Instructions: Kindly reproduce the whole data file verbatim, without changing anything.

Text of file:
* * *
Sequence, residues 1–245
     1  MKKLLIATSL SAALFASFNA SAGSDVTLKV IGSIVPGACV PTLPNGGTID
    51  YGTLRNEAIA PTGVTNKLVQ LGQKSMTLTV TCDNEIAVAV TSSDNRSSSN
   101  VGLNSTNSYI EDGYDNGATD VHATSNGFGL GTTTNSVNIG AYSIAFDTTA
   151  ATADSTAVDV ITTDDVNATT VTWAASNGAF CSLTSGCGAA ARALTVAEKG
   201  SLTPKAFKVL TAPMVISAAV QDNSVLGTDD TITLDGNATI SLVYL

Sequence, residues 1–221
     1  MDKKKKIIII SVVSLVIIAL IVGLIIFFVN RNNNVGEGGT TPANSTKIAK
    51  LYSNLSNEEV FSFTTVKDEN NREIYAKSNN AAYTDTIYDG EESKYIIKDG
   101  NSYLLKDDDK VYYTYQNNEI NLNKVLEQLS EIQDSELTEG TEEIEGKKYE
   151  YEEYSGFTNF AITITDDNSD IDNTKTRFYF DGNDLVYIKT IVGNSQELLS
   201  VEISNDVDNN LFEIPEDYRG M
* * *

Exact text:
Sequence, residues 1–245
     1  MKKLLIATSL SAALFASFNA SAGSDVTLKV IGSIVPGACV PTLPNGGTID
    51  YGTLRNEAIA PTGVTNKLVQ LGQKSMTLTV TCDNEIAVAV TSSDNRSSSN
   101  VGLNSTNSYI EDGYDNGATD VHATSNGFGL GTTTNSVNIG AYSIAFDTTA
   151  ATADSTAVDV ITTDDVNATT VTWAASNGAF CSLTSGCGAA ARALTVAEKG
   201  SLTPKAFKVL TAPMVISAAV QDNSVLGTDD TITLDGNATI SLVYL

Sequence, residues 1–221
     1  MDKKKKIIII SVVSLVIIAL IVGLIIFFVN RNNNVGEGGT TPANSTKIAK
    51  LYSNLSNEEV FSFTTVKDEN NREIYAKSNN AAYTDTIYDG EESKYIIKDG
   101  NSYLLKDDDK VYYTYQNNEI NLNKVLEQLS EIQDSELTEG TEEIEGKKYE
   151  YEEYSGFTNF AITITDDNSD IDNTKTRFYF DGNDLVYIKT IVGNSQELLS
   201  VEISNDVDNN LFEIPEDYRG M